HFBoards

Go Back   HFBoards > General Hockey Discussion > The Business of Hockey
Mobile Hockey's Future Become a Sponsor Site Rules Support Forum vBookie Page 2
The Business of Hockey Discuss the financial and business aspects of the NHL. Topics may include the CBA, work stoppages, broadcast contracts, franchise sales, and NHL revenues.

Average Ticket Cost vs. Average Player Salary - 1994 to 2012

Reply
 
Thread Tools
Old
11-23-2012, 08:38 PM
  #1
BonkTastic
"Small Sample Size!"
 
BonkTastic's Avatar
 
Join Date: Nov 2010
Location: Jakarta, IDN
Country: Canada
Posts: 12,676
vCash: 500
Average Ticket Cost vs. Average Player Salary - 1994 to 2012

I posted this in the lockout thread, but thought maybe it deserved it's own thread.


I was looking at some comparisons between the "Original Bettman Lockout" (1994-95), and this year's lockout. I came across some interesting numbers:

Average NHL Ticket Price in 1994-95: $33.49
Average NHL Ticket Price in 2011/12: $57.10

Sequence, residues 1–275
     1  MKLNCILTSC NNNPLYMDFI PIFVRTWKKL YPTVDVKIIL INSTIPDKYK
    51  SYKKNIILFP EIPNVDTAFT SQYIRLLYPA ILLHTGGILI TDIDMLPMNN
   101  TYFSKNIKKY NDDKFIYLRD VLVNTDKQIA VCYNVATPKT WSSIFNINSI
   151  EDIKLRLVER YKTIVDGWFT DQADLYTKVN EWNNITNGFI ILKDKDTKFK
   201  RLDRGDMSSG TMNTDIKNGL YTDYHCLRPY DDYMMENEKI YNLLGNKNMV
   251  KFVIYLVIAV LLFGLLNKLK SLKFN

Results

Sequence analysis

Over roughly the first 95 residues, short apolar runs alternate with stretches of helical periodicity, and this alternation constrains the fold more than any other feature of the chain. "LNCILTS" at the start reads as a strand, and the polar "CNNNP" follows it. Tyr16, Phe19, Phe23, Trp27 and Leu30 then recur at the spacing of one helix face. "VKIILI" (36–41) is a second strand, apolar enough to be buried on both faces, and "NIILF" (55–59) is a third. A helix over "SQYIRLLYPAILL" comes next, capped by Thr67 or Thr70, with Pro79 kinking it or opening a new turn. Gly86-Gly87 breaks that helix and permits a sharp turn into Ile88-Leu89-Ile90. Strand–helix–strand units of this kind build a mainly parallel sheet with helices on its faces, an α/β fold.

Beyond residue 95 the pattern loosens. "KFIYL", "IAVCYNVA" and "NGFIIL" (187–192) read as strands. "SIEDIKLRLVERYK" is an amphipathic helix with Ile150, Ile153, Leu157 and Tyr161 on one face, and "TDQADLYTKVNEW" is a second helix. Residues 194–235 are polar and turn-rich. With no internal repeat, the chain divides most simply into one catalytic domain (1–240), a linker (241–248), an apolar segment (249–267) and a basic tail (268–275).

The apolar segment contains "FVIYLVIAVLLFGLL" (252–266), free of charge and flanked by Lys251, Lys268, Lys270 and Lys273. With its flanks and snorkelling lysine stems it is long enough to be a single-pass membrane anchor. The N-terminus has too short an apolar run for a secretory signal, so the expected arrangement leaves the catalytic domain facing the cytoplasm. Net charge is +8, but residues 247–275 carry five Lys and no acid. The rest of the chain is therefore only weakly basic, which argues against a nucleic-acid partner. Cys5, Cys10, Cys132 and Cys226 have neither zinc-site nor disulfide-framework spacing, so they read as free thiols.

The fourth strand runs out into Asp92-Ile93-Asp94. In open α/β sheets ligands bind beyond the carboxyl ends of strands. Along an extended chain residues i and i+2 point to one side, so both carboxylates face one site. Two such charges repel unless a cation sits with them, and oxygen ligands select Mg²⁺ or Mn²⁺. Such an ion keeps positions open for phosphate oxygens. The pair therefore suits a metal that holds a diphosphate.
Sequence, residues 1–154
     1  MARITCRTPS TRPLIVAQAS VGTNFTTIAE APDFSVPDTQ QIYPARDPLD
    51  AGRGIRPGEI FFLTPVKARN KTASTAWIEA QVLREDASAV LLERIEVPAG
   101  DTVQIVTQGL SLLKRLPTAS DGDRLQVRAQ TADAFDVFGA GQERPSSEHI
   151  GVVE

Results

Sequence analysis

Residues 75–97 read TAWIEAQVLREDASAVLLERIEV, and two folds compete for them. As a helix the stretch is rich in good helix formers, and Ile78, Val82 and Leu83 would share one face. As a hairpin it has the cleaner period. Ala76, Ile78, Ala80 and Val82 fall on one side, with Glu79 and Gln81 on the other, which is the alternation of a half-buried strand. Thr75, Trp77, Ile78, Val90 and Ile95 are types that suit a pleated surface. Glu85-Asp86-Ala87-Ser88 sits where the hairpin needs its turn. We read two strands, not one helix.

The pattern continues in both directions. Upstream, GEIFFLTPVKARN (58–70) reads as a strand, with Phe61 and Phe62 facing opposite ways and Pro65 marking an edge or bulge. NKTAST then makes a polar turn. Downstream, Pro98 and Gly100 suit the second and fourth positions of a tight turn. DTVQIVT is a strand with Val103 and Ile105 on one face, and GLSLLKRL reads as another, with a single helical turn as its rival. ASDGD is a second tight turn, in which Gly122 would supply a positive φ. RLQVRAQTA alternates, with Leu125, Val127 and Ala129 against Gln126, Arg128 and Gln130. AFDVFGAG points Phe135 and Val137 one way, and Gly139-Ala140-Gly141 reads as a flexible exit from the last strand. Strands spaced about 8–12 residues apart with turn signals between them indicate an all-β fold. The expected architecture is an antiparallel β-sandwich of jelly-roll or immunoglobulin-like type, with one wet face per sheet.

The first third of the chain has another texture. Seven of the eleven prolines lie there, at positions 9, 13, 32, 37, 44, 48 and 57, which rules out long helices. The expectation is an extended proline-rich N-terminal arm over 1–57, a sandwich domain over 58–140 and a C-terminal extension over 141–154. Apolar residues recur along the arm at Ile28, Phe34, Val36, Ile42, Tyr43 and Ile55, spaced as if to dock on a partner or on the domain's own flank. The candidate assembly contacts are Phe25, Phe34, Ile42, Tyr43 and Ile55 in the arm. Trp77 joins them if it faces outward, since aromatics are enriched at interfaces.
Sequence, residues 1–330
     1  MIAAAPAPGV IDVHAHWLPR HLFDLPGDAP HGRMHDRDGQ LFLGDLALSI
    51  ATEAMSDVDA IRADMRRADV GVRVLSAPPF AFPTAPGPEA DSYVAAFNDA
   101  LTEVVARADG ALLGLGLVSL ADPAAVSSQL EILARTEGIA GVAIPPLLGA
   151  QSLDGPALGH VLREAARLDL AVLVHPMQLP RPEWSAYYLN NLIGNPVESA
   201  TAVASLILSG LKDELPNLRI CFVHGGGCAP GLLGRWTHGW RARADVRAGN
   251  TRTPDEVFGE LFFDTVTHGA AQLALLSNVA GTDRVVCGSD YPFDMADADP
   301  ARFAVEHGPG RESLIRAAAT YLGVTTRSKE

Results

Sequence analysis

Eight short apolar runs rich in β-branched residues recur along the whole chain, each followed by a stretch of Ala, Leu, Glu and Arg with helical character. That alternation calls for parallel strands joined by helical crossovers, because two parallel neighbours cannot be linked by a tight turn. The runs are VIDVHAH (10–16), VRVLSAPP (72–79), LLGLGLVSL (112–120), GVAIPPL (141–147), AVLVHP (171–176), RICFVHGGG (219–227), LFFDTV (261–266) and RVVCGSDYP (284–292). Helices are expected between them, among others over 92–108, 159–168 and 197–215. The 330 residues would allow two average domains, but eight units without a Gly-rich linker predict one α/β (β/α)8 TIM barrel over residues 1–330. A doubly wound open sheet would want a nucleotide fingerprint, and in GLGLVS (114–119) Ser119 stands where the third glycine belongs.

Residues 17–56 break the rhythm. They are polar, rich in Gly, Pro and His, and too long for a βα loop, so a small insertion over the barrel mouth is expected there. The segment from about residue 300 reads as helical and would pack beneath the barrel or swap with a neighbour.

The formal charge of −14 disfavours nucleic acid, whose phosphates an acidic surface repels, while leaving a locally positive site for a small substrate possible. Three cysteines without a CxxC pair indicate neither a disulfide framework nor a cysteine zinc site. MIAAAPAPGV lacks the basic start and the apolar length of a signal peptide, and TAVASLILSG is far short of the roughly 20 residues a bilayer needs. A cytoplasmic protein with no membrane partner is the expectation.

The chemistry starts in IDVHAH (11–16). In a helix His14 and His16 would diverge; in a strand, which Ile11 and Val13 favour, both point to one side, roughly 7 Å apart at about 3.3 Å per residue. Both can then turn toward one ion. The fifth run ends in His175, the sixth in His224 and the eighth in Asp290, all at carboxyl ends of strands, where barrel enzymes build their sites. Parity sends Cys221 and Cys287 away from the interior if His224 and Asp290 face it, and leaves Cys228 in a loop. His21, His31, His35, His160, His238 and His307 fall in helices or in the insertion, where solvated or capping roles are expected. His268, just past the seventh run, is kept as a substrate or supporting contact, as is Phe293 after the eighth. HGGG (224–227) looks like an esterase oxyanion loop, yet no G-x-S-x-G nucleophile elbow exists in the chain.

Difference: 70% increase in ticket cost over 17 years.

Average NHL Player Salary in 1994/95: $572,000 (this is the FULL-SEASON-prorated figure to reflect actual games played. Players in reality earned less than this, due to the shortened schedule)
Average NHL Player Salary in 2011-12: $2,450,000
Difference: 425% increase in average player salaries over 17 years.

Interesting numbers. This shouldn't paint a full picture of anything, I'm just putting them out there. Feel free to interpret these however you want.

Dissect at your own leisure.

BonkTastic is online now   Reply With Quote
Old
11-23-2012, 08:42 PM
  #2
Joe T Choker
Roll Wide Roll
 
Join Date: Oct 2002
Location: Melrose
Country: Italy
Posts: 23,463
vCash: 500